US cheese industry on a roller-coaster ride during pandemic

By Beatriz Pascual Macias

Arlington, Virginia, Aug 5 (efe-epa).- The price of cheese has fluctuated wildly since the onset of the coronavirus crisis in the United States, where small retailers have had to adapt to sudden shifts in supply and demand for different varieties and find ways to mitigate revenue losses.

“Since everything sort of started, especially since we closed the doors to public, we’ve seen definitely a drop in our deli in terms of cut-to-order perishables,” Scott Freestone, the cheese and charcuterie manager at Arrowine & Cheese, an upscale store near Washington DC that offers rare wines, craft beers, artisanal cheese and tasting events, told Efe.

“We have a large frozen and grocery which has stayed on par, but cheese has dropped around 20 percent, would be my guess,” he added.

That small shop with a big yellow awning out front opened its doors 41 years ago in a residential Virginia neighborhood, an area whose single-family homes with lawns and mailboxes out front epitomize American upper-middle-class suburbia.

Freestone said that at the start of the pandemic most customers purchased large quantities of non-perishable cheeses like cheddar, Comte and Gruyere, while fresh products like Mozzarella, Burrata and goat cheese went to waste.

When the state’s stay-at-home orders were lifted in June and non-essential businesses were allowed to reopen, demand came back for fresh, delicatessen cheese.

But then the cheese industry, including stores like Arrowine & Cheese, encountered two obstacles.

Firstly, much less fresh cheese was available on the market.

Due to the drop in demand for that product at the start of the coronavirus crisis, manufacturing companies switched their production to aged, or cured, varieties, according to the Oldways Cheese Coalition, an organization of cheesemakers, distributors and retailers.

The second problem was the enormous difficulty in importing artesanal cheese from Europe due to the US’s and European Union’s restrictions on air travel between March and May.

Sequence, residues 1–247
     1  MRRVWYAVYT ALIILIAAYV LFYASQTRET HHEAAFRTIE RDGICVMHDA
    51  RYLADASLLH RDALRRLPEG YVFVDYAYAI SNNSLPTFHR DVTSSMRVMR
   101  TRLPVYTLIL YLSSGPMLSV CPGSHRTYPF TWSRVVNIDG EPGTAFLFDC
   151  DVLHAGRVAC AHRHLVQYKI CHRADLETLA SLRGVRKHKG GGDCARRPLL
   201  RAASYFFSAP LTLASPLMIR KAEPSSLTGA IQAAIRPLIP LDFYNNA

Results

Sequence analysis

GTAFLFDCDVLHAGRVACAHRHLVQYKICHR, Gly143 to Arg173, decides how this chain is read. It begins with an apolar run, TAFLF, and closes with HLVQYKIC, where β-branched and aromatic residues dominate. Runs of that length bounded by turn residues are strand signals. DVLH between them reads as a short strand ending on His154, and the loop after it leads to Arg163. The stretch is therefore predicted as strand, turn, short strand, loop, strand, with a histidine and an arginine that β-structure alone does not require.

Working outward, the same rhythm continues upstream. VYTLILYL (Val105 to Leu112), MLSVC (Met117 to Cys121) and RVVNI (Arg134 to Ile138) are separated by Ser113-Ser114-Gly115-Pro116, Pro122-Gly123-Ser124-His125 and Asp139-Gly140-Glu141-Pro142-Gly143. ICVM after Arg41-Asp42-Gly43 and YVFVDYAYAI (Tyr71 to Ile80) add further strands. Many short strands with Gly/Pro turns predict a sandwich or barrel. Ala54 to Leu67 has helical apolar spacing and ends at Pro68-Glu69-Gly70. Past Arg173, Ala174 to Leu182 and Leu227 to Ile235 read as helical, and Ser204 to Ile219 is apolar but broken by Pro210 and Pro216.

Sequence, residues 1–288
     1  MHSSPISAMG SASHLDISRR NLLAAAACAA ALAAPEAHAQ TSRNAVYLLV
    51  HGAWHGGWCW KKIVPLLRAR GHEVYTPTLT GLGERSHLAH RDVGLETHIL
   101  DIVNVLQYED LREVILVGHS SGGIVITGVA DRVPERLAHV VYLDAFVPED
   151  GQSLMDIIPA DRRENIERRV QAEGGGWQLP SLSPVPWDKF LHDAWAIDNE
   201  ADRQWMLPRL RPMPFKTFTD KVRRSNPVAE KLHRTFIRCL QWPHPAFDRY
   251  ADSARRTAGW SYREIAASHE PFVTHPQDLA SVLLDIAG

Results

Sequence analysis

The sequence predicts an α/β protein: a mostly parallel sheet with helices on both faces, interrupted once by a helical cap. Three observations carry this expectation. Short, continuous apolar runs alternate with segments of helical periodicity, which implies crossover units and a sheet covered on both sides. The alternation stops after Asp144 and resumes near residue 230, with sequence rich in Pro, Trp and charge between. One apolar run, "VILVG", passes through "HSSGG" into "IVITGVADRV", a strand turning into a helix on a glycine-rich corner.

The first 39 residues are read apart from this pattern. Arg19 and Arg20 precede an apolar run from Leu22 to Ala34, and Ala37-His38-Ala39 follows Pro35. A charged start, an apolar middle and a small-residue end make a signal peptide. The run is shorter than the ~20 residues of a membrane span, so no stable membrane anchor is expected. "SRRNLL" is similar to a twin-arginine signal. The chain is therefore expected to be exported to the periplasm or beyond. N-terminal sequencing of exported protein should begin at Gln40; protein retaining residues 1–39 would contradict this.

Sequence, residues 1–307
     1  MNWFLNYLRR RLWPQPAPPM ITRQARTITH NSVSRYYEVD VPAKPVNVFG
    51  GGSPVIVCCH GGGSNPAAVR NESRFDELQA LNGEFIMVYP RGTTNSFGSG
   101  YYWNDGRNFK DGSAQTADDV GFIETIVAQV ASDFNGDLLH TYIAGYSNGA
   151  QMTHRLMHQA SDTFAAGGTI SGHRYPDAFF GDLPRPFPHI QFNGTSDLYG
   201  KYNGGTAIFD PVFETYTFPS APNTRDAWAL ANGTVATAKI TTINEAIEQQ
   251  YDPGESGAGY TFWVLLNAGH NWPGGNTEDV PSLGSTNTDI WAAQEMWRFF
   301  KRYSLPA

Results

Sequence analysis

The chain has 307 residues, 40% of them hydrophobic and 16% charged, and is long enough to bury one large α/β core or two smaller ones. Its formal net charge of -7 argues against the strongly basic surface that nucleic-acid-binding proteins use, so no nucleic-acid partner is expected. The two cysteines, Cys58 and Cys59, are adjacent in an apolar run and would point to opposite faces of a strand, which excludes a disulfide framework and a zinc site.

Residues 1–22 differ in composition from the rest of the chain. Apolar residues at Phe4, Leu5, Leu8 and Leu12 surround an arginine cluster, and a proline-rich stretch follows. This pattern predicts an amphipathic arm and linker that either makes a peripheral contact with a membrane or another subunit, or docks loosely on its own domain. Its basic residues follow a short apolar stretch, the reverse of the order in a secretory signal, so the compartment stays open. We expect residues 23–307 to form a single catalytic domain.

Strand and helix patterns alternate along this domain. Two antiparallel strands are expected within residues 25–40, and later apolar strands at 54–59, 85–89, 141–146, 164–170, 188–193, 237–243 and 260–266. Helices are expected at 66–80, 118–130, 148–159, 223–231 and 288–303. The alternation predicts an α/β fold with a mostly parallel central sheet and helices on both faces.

Freestone told Efe that 85 percent of his store’s cheeses are imported from Europe, primarily from Spain and France, and that the travel bans led to a steep drop in sales of those products.

US cheese retailers have had to innovate to survive. At the start of the pandemic, Arrowine & Cheese’s employees received orders by phone and had to spend time describing a taste or a texture since customers were not able to try samples.

The store then created a website with photos of its 250 types of cheeses and each of its more than 1,000 varieties of wine and beer.

Freestone joked that the store has fared well economically thanks in large part to customers’ purchases of wine and beer while being stuck at home.

Jessica Keahey, founder of Sweet Freedom Cheese, the only cut-to-order artisanal cheese shop in the south-central US state of Arkansas, said her business has suffered a bigger economic hit from the coronavirus mitigation measures.

“When the (pandemic) hit, we definitely saw a huge reduction in our revenue to about 40 percent of our gross sales,” she told Efe via videoconference.

Keahey had been teaching in-person classes prior to the pandemic, including lessons on making homemade cottage cheese and Mozarella and tips on which cheeses to pair with different types of chocolate. To help preserve that revenue source, she is now providing that instruction online via the Zoom platform.

The dairy industry as a whole, meanwhile, has had to cope with wild price swings in recent months, Nate Donnay, director of dairy market insight at StoneX Group Inc., an international financial services network, told Efe.

“It has been the most volatile period that we have ever seen in US dairy prices. We started the year with CME block cheese, or 40-pound (18-kilogram) blocks of cheddar cheese … at around $1.80 a pound,” he said. “In April we dropped to about a dollar a pound, which … was almost a record low. And then by middle of June we were at $2.80 a pound, which was a record high.”

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